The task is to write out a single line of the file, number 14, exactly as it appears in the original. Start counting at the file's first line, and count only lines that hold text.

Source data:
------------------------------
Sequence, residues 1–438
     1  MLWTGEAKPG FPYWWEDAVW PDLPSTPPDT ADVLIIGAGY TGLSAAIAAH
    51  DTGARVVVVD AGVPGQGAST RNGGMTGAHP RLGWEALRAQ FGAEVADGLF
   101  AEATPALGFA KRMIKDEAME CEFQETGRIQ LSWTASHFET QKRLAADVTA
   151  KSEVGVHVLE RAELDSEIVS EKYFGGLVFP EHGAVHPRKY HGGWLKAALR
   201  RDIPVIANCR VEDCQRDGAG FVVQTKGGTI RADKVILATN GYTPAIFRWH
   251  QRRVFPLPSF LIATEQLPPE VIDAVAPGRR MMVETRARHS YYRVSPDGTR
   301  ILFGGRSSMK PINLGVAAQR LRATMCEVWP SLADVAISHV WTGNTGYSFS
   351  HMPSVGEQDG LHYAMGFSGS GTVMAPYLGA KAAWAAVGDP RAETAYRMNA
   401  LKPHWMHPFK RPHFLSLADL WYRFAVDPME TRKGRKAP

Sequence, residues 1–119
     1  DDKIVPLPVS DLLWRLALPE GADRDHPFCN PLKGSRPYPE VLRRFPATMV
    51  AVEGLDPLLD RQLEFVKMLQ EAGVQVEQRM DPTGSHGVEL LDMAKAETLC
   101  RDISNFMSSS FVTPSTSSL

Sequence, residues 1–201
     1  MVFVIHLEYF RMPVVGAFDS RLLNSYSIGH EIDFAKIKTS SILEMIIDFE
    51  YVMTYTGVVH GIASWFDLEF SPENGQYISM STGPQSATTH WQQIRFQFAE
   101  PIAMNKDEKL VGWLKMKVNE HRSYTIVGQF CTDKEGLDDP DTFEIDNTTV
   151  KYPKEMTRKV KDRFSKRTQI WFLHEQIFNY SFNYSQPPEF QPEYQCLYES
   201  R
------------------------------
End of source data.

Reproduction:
   101  RDISNFMSSS FVTPSTSSL